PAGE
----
Why Does A Frozen Lake Sound Like A Star Wars Blaster?

Dec 21, 2016
Originally published on December 23, 2016 11:07 am

This winter brings the latest installment of the Star Wars franchise, full of familiar costumes, familiar villains, and the familiar "pew pew pew" of space guns. But you can skip the movie theatre and still hear those iconic blaster sounds if you visit a frozen lake.

Cory Williams discovered this natural phenomenon back in 2014, when he moved from California to Alaska. He tried skipping rocks across the icy surface of Edmonds Lake, just up the road from Anchorage. His YouTube video of the space age twanging that ensued was viewed 11 million times.

This year, Williams returned to Edmonds Lake and made another discovery. The lake was singing on its own. Why? And how? The latest video from Skunk Bear, NPR's science youtube channel, reveals the origin of that iconic sci-fi sound effect and explains why it can be heard every year in the frigid wilds.


Got your own science-y questions for us? Use this form to send them our way. We'll do our best to answer on Skunk Bear's YouTube channel.

You can follow Cory Williams' Alaskan adventures on his YouTube channel, LiveEachDay.

Copyright 2017 NPR. To see more, visit http://www.npr.org/.

ARI SHAPIRO, HOST:

Whether it's snowy and cold where you are or not, it is winter, and so we bring you a story about the wintriest of things, ice - specifically, since this is radio, the sounds that ice makes. And there's actually a lot of them, from this...

(SOUNDBITE OF ICEBERG COLLISION)

SHAPIRO: That's icebergs running into each other. And then there's this - shards of ice on a lake.

(SOUNDBITE OF ICE SHARDS CHURNING)

SHAPIRO: There's even a guy from Norway who makes musical instruments out of ice.

(SOUNDBITE OF MUSIC)

SHAPIRO: And here's one more sound that ice makes. We're going to discuss it with NPR science reporter Adam Cole, who runs our YouTube channel Skunk Bear. Hey, Adam.

ADAM COLE, BYLINE: Hey, Ari.

SHAPIRO: What is this sound?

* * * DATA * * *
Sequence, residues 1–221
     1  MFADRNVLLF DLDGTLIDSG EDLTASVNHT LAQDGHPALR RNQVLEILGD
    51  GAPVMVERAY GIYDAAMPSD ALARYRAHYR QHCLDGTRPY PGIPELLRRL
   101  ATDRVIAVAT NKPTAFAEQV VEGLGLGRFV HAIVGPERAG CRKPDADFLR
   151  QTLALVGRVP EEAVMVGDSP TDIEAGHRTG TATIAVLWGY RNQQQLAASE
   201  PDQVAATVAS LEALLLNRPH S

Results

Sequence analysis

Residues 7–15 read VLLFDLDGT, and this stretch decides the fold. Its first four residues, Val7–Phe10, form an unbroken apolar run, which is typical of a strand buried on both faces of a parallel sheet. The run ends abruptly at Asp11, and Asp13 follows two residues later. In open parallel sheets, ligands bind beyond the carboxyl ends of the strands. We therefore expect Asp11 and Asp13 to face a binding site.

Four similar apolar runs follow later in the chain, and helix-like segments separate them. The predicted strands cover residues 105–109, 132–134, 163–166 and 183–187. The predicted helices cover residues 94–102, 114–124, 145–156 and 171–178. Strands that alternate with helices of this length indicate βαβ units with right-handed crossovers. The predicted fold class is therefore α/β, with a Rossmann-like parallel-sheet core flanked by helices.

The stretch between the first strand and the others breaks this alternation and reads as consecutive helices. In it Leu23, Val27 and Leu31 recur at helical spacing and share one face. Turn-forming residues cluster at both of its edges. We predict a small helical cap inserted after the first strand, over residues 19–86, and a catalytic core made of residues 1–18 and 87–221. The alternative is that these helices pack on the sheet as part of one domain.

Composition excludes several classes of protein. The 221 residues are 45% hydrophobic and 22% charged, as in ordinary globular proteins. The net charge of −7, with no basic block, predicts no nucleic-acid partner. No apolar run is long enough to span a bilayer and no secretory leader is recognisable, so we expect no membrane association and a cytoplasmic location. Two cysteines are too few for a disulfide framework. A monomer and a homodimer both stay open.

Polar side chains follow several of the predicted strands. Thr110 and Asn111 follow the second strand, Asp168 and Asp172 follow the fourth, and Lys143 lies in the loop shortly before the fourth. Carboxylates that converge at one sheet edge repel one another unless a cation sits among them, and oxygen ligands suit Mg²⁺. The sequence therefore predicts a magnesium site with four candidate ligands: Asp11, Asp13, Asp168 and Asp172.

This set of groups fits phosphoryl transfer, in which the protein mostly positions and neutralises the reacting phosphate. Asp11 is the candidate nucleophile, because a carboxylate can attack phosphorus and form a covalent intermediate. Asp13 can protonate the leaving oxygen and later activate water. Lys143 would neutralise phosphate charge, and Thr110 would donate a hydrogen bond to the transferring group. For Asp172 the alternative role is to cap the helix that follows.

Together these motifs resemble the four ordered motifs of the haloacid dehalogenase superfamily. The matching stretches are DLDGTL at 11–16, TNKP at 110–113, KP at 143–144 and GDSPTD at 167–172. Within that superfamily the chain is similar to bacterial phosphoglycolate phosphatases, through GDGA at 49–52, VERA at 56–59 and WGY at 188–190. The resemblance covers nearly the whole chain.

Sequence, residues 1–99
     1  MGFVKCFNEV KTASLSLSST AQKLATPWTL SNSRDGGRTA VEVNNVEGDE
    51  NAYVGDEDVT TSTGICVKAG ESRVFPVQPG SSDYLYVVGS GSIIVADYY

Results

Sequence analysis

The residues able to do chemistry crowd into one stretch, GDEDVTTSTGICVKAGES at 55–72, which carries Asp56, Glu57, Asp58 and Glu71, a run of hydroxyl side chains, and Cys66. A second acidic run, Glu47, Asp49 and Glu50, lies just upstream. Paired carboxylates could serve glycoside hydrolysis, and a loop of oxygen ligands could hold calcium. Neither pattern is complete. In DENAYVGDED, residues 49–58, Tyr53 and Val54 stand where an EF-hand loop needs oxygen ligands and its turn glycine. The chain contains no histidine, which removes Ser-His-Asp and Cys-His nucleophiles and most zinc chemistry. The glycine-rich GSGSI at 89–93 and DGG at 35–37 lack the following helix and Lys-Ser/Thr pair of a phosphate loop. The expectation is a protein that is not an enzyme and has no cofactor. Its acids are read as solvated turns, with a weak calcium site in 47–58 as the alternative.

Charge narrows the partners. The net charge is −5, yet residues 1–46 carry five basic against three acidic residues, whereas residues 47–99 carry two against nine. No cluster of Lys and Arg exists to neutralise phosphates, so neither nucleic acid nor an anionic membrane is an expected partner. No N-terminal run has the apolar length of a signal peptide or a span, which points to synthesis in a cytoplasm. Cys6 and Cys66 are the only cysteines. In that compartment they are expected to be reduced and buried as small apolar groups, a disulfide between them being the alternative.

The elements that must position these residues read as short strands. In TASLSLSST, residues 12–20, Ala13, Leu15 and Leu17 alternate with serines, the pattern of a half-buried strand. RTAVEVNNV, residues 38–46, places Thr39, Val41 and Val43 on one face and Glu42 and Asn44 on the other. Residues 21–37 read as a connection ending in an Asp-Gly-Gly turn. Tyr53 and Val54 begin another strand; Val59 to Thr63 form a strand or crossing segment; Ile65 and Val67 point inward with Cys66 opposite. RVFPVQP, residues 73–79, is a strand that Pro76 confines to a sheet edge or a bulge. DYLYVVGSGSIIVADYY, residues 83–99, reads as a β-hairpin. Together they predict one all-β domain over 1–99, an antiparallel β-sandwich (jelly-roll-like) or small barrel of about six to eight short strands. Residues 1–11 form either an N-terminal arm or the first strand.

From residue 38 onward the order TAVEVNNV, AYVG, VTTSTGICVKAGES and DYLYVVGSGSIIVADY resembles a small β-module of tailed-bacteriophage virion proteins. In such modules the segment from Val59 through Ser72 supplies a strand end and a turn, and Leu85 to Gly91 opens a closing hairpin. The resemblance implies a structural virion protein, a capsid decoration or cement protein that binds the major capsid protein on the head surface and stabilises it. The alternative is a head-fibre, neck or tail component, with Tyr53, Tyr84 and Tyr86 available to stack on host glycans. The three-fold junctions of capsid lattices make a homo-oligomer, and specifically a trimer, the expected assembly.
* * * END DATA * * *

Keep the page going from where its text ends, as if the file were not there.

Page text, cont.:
COLE: So you're not going to believe this, but this is actually the sound of a frozen lake.

(SOUNDBITE OF FROZEN LAKE CHIRPING)

SHAPIRO: It sounds like a loon or some other bird on a lake. What is actually happening there?

COLE: So this was captured by a YouTuber named Cory Williams. He's over on the channel Live Each Day. And he went to this lake in Alaska and tried skipping rocks, and it produced this weird sound. He gets really excited about it.

(SOUNDBITE OF ARCHIVED RECORDING)

CORY WILLIAMS: (Laugher) Dude, it's so cool. Who needs "Star Wars," Dude?

COLE: He's right. It does kind of sound like those "Star Wars" blasters, right?

(SOUNDBITE OF FILM, "STAR WARS: EPISODE IV - A NEW HOPE")

SHAPIRO: OK, so what actually is going on? How does ice make this "Star Wars" blaster sound?

COLE: So this is something called acoustic dispersion. If you take a simple sound like a rock hitting ice...

(SOUNDBITE OF ROCK HITTING ICE)

COLE: ...It's made up of lots of frequencies. You've got the low notes...

(SOUNDBITE OF ACOUSTIC LOW NOTE)

COLE: ...And you've got the high notes...

(SOUNDBITE OF ACOUSTIC HIGH NOTE)

COLE: ...And everything in between.

(SOUNDBITE OF ACOUSTIC MID NOTE)

COLE: And as they pass through the ice, the high notes actually travel faster, so they hit your ear first. And then you hear the low notes.

(SOUNDBITE OF ACOUSTIC DISPERSION)

COLE: So let's hear that a little bit faster.

(SOUNDBITE OF ACOUSTIC DISPERSION)

COLE: So you can sort of start to hear that - right? - that pew (ph) sound we heard from Cory Williams.

SHAPIRO: Yeah.

COLE: But it turns out you actually don't even need to hit the lake with a rock. The lake can make that sound by itself. Here's a recording from sound artist Andreas Bick.

(SOUNDBITE OF FROZEN LAKE CHIRPING)

SHAPIRO: And what are we actually hearing here?

COLE: So that's the ice expanding and contracting so much that it has to buckle and crack, and it creates those vibrations spontaneously.

SHAPIRO: So if I go to a frozen lake and it doesn't happen to be buckling and cracking and making those vibrations spontaneously, can I just throw a rock and hear this sound?

COLE: You might be able to. It sort of depends on how thick the ice is. It has to be thin enough that it can start vibrating.

SHAPIRO: But also thick enough that it won't just break through the ice and sink to the bottom of the lake.

COLE: That's right.

SHAPIRO: NPR's Adam Cole - you can watch his video "Singing Ice: A Star Wars Story" at youtube.com/skunkbear. Transcript provided by NPR, Copyright NPR.